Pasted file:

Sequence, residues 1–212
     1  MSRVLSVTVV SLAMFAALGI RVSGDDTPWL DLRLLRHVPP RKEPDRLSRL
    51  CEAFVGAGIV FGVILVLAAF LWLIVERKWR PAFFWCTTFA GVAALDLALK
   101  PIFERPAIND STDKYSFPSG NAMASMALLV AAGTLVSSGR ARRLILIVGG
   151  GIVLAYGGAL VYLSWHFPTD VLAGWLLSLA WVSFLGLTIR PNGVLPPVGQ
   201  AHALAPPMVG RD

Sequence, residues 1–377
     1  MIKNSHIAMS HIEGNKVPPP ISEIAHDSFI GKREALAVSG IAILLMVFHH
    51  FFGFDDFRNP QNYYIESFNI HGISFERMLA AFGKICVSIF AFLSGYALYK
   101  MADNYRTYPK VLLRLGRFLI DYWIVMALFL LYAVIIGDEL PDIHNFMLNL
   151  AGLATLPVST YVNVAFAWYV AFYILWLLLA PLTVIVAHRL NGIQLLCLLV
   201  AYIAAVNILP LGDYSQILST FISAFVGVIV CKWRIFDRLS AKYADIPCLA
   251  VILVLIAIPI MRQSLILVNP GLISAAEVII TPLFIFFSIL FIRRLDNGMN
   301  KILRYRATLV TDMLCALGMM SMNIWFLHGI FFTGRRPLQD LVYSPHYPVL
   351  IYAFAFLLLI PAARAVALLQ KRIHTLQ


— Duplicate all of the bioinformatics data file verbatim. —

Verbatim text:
Sequence, residues 1–212
     1  MSRVLSVTVV SLAMFAALGI RVSGDDTPWL DLRLLRHVPP RKEPDRLSRL
    51  CEAFVGAGIV FGVILVLAAF LWLIVERKWR PAFFWCTTFA GVAALDLALK
   101  PIFERPAIND STDKYSFPSG NAMASMALLV AAGTLVSSGR ARRLILIVGG
   151  GIVLAYGGAL VYLSWHFPTD VLAGWLLSLA WVSFLGLTIR PNGVLPPVGQ
   201  AHALAPPMVG RD

Sequence, residues 1–377
     1  MIKNSHIAMS HIEGNKVPPP ISEIAHDSFI GKREALAVSG IAILLMVFHH
    51  FFGFDDFRNP QNYYIESFNI HGISFERMLA AFGKICVSIF AFLSGYALYK
   101  MADNYRTYPK VLLRLGRFLI DYWIVMALFL LYAVIIGDEL PDIHNFMLNL
   151  AGLATLPVST YVNVAFAWYV AFYILWLLLA PLTVIVAHRL NGIQLLCLLV
   201  AYIAAVNILP LGDYSQILST FISAFVGVIV CKWRIFDRLS AKYADIPCLA
   251  VILVLIAIPI MRQSLILVNP GLISAAEVII TPLFIFFSIL FIRRLDNGMN
   301  KILRYRATLV TDMLCALGMM SMNIWFLHGI FFTGRRPLQD LVYSPHYPVL
   351  IYAFAFLLLI PAARAVALLQ KRIHTLQ